Al Capone's Subculture

1776 Words8 Pages
America had vast economic power during the 1920s, otherwise known as the Roaring Twenties. The era consisted of the alcohol prohibition, gangsters, the Jazz Age and the Klu Klux Klan. Jobs paid well and there was an abundance of spare cash. Hire Purchase agreements were introduced and as was buying shares on the stock market. This contributed towards the wealth of the middle class. The middle class enjoyed lavish lifestyles with a standard of living that was much higher than any other country worldwide. There were however many criminals and gangsters behind the scenes. One of the renowned gangster was Al Capone, who’s rise and fall contributed towards the American subculture. The subculture of America at the time was diverse. A subculture is…show more content…
Organised crime can be described as ‘a serious crime planned, coordinated and conducted by people working together on a continuing basis’. People who participated in organised crime were mainly motivated by financial gain. Al Capone was first arrested for charges of murder, but was never tried because nobody admitted to knowing anything about the matter. He moved to Chicago in 1919. Capone then worked for his role model (John Torrio). Torrio noticed Capone’s intelligence and the two soon began working together managing a bootlegging business. The two worked as partners managing saloons, gambling houses and bars, even though the sale of alcohol was illegal. Bootlegging was seen as essential by the middle class and gangs during the 1920s after the prohibition of alcohol in…show more content…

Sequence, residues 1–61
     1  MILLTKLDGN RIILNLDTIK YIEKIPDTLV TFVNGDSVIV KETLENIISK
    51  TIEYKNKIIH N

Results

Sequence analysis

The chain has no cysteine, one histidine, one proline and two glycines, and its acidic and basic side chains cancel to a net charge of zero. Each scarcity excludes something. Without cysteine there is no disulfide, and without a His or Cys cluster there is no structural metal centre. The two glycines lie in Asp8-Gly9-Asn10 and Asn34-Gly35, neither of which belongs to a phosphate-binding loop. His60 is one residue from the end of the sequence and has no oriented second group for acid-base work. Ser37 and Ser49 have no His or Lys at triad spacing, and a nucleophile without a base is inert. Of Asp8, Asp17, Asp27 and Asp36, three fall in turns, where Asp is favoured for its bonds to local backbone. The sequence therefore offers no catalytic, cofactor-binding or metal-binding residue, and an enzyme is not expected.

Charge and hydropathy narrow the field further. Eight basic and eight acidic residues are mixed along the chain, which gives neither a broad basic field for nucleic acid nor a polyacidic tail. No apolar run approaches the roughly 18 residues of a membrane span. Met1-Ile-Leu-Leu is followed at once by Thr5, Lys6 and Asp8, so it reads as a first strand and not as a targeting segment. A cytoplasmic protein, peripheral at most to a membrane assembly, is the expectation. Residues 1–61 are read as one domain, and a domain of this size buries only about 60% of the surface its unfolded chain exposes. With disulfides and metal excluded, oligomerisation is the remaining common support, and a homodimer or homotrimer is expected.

Due to the prohibition laws, more and more people turned to criminal activity and looked up to gangsters such as Al Capone as heroes. Organised crime was dangerous, but an easy source of income. Organised crime supplied booze and labour racketeering. Al Capone was also involved in creating a corrupt police force and government departments. The aims of prohibition were completely disregarded, and crime and violence increased significantly. Violence and unemployment increased during this time. People were not afraid of bribing government officials and it was recorded that only 5% of the alcohol produced was confiscated by the police. The illegal booze market was very successful, but the quality of alcohol was shocking. People tried making homemade alcohol, which often resulted in alcohol poisoning and many people died from consuming this alcohol. People went so far as to brewing alcohol in their bathtubs as a source of alcohol that they could either keep for themselves or sell on the black market. Al Capone supplied this “bad” alcohol to the middle class and could be responsible for many of the alcohol poisoning
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